This is the time of year when my Lower School counterpart, Jen Griffith, and I take a few weeks to observe each and every faculty member teach a classroom lesson. We do this for several reasons: to provide teachers with feedback on their teaching techniques; to see what is going on and be present in the classrooms; and to keep abreast with curriculum. As I always say to our wonderful teachers, I inevitably wind up feeling like I get more out of it than they do! And it is a visual, sonic, and experiential reminder of all the wonderful things happening in our building every single day. In the last two weeks alone I’ve witnessed:
- Students doing a group work simulation on how pollutants get into waterways in Debbie Adkins’ class.
- 7th graders learning how to play and sing “Hey Jude” on ukuleles in Bob Bertke’s music room.
- Students learning about the Han Dynasty in ancient China through visiting multiple classroom stations (art, calligraphy, inventions, etc.) in Brandon Doble’s room.
- Colorful Mexican sun masks coming to life via clay and kiln-firing in Alex Taylor’s art room.
- A wonderful parallel between the difficulties associated with excessive immigration in the Reconstruction Period in post Civil War America and what is going on politically today in our country (through poetry no less!) in Patrick Donovan’s 8th grade language arts class.
- Another simulation that demonstrated the vast differences in wealth and power among social classes during the Middle Ages in Julie Mushkin’s class. (Skittles are great motivators!).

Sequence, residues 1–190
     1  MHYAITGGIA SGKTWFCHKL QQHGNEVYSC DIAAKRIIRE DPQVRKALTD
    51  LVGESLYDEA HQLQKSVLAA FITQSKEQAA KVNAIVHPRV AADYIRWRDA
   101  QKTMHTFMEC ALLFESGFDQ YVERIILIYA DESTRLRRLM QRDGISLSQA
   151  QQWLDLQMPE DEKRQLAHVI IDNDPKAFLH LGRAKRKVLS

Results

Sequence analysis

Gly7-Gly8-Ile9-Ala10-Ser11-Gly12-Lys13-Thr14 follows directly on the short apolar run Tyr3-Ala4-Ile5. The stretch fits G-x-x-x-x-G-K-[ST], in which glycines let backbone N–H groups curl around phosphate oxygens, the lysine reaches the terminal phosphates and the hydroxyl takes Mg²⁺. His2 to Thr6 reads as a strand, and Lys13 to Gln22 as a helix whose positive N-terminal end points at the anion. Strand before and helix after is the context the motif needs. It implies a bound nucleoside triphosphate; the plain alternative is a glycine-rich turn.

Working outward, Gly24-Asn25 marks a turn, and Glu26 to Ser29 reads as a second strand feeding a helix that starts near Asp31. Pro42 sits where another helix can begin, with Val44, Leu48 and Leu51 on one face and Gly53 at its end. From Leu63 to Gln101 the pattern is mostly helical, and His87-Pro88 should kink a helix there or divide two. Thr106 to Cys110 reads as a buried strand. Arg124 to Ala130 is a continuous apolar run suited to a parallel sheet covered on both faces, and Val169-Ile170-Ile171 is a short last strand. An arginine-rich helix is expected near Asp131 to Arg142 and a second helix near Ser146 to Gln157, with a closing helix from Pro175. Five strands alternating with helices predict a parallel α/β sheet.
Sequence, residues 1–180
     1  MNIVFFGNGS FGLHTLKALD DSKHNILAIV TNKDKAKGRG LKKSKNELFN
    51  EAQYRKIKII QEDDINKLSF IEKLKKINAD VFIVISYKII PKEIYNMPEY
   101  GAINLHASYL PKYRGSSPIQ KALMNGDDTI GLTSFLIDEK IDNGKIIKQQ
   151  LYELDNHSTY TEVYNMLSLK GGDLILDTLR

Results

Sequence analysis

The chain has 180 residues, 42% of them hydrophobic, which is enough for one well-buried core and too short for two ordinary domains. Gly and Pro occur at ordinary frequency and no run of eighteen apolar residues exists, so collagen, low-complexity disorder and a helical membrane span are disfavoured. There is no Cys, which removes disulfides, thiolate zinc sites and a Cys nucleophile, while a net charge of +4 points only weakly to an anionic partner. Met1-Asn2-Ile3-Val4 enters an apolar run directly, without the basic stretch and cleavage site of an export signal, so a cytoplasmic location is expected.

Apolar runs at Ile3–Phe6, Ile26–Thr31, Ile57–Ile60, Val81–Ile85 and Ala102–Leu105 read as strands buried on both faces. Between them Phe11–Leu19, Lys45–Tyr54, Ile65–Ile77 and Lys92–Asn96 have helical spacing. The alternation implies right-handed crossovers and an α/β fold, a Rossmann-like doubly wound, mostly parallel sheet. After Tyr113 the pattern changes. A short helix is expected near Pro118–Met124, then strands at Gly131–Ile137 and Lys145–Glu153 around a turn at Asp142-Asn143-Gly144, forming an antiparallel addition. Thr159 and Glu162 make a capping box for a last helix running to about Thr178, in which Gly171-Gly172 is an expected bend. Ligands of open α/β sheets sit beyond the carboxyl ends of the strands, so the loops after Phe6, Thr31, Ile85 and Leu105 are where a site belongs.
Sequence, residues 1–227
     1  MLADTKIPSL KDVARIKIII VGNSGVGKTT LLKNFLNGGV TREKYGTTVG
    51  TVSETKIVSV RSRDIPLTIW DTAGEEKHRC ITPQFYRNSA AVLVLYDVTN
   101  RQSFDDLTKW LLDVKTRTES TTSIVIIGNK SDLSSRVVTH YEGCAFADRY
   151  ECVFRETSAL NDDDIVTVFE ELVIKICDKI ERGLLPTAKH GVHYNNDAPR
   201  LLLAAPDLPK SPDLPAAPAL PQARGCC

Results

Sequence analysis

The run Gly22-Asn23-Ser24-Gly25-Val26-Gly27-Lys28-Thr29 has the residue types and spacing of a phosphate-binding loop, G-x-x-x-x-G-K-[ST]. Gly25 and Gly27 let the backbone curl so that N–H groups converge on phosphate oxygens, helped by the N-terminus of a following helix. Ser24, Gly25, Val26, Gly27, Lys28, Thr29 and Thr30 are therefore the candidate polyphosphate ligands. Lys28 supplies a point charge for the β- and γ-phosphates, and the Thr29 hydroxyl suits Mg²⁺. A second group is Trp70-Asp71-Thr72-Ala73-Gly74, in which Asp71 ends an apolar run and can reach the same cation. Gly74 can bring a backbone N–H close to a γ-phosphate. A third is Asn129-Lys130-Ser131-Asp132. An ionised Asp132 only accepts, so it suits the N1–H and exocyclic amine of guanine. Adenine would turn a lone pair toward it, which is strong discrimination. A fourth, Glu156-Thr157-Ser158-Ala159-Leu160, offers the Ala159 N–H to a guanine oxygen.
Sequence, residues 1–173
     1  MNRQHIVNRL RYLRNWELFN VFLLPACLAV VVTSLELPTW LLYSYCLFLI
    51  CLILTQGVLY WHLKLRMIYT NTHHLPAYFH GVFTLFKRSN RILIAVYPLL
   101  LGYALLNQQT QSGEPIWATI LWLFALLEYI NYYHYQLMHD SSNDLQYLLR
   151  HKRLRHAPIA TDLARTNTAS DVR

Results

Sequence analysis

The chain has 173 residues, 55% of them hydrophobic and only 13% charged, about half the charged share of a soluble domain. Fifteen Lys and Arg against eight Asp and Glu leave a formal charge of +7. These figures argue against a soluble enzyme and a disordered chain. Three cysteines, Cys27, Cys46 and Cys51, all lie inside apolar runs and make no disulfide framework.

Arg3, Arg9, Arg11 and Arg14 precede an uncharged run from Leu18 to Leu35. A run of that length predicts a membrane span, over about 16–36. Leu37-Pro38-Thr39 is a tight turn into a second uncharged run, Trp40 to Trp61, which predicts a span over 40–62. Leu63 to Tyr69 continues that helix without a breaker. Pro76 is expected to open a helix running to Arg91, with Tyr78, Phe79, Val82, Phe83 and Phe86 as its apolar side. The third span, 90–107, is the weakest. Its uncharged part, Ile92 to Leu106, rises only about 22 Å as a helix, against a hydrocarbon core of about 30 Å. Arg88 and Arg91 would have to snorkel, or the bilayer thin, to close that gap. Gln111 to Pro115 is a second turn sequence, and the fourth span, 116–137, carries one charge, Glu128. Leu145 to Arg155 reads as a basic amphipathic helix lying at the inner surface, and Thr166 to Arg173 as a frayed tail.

- And finally, an impressive experiment that culminated with DNA being extracted from strawberries for all to see in a lab in Jason Chlopek’s science class.
And from Jennifer Griffith:
- Andrew Frechette, Heather McGraw, and Annette Rudd’s junior kindergarten and kindergarten classes preparing for the Chinese New Year celebration by reading books about Chinese customs and culture, and creating a dragon head from cardboard for the parade.
- 2nd and 3rd grade Spanish classes starting rehearsals for “The Three Little Pigs” play with Salema Jenkins, which they will perform for the Lower School at the end of April.
- 1st graders in Julie Dayton’s class preparing for the 100th day of school by writing what they think they will and won’t do when they’re 100 years old.
- 4th graders making toys, crafts, and foods (johnnycakes) to experience what life was like for children in Colonial America with Sarah Dewberry, Joanne Brock, and Christine Brinkmann.
- 4th graders in Michelle Hall’s science class making and experimenting with pulleys.
- 3rd and 4th grade “Acts of Kindness” Project holding a bake sale to benefit Go Ministries. They made $300!
What you will notice in all these scenarios is that few of these activities involve worksheets or rote memorization. Almost all are interactive, interesting, fun, involve group work, and generally allow for differentiation. And I have to say in an ironic way, this is “routine” for St. Francis. We sometimes focus so much on all the other good things we’re doing around here that we forget that some of the most magical things are happening right under our students’ noses every day! I can’t wait to continue on in this journey over the next few weeks!